Thursday, February 18, 2010

Retroactive Application Of Statute By OIR Reversed

In Coventry First, LLC v. Florida, Office of Insurance Regulation30 So. 3d 552 (Fla. 1st DCA 2010),  the First District held that the trial court erred as a matter of law when it retroactively applied a statute.  The court stated:
“The general rule is that a substantive statute will not operate restrospectively absent clear legislative intent to the contrary, but that a procedural or remedial statute is to operate retrospectively.”  Tracking the constitutional reasoning  used by the United States Supreme Court in Ruckelshaus v. Monsanto Company, 467 U.S. 986, 1001-14 (1984), and Landgraf v. USI Film Products., 511 U.S. 244, 280-86 (1994), the Florida Supreme Court has described the proper  two-pronged analysis  for determining whether an enactment such as the 2007 amendment should have retroactive application.  “The first inquiry is one of statutory construction:  whether there is clear evidence of legislative intent to apply the statute retrospectively.”...“The general rule is that in the absence of clear legislative intent to the contrary, a law affecting substantive rights, liabilities and duties is presumed to apply prospectively.”...“If the legislation clearly expresses an intent that [an act] apply retroactively, then the second inquiry is whether retroactive application is constitutionally permissible.”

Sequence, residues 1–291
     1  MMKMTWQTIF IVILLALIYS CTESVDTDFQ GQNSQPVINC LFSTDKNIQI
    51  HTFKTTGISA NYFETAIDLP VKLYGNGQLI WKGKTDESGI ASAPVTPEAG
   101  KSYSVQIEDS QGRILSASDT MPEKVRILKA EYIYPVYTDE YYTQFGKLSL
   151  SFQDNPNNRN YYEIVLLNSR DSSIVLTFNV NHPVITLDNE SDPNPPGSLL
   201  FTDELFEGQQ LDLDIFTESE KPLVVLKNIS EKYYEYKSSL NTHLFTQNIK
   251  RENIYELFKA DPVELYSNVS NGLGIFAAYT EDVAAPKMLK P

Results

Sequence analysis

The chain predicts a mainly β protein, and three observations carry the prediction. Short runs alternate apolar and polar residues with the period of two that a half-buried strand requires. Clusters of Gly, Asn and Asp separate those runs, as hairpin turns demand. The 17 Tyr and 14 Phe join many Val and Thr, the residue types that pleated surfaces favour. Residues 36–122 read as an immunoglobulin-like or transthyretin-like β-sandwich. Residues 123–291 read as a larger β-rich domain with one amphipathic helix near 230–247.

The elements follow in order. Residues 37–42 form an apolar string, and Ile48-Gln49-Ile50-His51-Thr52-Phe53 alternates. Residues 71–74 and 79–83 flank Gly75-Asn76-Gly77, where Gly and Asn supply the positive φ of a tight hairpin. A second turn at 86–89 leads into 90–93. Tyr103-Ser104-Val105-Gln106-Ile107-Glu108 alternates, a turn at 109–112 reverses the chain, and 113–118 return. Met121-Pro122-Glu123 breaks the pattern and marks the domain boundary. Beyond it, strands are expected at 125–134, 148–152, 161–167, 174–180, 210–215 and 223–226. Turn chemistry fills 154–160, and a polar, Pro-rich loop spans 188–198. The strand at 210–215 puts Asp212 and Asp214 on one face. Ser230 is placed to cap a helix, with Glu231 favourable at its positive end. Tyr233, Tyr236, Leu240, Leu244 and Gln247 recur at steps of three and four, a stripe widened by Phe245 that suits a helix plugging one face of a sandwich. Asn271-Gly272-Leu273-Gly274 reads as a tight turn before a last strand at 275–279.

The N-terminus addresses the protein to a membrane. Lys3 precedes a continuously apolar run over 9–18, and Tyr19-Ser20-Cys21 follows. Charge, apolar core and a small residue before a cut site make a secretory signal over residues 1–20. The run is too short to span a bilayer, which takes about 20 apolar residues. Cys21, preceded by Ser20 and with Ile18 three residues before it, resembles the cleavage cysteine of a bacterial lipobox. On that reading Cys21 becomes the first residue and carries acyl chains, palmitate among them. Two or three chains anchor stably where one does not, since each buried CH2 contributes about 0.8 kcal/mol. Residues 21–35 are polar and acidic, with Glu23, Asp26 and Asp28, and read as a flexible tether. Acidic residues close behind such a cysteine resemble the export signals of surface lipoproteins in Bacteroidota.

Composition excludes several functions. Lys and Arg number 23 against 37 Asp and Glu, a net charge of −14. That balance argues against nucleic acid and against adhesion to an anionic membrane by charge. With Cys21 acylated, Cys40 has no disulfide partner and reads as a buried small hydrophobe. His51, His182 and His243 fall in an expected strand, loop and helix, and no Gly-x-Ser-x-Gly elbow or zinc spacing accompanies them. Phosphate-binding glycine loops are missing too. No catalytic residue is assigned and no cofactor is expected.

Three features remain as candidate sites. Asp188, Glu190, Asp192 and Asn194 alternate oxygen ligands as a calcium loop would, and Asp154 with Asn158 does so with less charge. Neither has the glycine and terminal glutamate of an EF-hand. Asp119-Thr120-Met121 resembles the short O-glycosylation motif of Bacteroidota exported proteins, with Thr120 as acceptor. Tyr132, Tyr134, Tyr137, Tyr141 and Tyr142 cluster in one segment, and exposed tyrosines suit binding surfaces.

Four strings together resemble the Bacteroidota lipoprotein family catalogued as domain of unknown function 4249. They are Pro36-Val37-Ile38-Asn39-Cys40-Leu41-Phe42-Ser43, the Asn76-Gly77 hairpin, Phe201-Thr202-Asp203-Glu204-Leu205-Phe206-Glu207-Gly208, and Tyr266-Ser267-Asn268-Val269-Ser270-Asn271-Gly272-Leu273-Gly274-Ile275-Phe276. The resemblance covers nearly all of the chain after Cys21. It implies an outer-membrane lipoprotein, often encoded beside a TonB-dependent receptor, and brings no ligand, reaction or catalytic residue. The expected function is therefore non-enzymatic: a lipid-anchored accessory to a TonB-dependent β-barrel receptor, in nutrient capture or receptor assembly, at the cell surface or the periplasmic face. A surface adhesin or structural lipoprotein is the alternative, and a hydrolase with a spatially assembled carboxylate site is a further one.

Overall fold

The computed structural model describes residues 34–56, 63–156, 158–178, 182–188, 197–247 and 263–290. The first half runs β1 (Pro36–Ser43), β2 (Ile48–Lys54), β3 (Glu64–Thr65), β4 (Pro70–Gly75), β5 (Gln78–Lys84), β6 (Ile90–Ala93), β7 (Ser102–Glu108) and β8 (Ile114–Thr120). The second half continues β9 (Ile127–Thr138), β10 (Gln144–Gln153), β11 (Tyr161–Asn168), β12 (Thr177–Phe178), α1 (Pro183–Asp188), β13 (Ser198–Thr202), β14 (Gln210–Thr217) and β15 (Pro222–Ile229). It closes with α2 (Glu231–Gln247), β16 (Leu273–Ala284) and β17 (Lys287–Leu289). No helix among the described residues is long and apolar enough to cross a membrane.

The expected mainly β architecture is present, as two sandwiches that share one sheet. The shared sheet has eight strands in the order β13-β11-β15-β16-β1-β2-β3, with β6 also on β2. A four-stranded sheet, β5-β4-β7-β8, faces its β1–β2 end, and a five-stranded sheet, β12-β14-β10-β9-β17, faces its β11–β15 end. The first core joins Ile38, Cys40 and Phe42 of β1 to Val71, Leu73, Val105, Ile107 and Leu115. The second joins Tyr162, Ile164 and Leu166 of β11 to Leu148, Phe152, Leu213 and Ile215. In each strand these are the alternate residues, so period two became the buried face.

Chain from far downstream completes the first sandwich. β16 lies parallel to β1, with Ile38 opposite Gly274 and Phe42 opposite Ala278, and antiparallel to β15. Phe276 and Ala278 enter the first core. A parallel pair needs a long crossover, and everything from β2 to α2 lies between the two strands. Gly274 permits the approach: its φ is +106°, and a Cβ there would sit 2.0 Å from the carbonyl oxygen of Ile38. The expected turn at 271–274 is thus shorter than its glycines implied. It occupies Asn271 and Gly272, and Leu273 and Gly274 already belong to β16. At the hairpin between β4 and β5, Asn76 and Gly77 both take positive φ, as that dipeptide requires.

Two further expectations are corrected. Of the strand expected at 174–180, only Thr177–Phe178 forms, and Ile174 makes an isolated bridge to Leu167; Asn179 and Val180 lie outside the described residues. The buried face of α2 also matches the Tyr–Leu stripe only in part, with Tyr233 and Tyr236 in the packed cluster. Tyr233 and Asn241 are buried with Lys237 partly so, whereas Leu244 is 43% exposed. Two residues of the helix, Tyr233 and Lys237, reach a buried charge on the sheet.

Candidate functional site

Coventry correctly notes the trial court erred in failing to address and adjudicate this required second prong of the  legal analysis....We do not find the legislative consideration, mandated by law, anywhere in the 2007 amendment. Instead, we conclude that retroactive application of the 2007 amendment improperly deprived Coventry of vested property rights in the continuing confidentiality and exemption of its trade secrets and other work papers already submitted to the OIR pursuant to  the agency’s regulatory duties....We hold that the amendments here at issue are not retroactive as to Coventry’s work papers.
The oral argument in the case can be viewed below.


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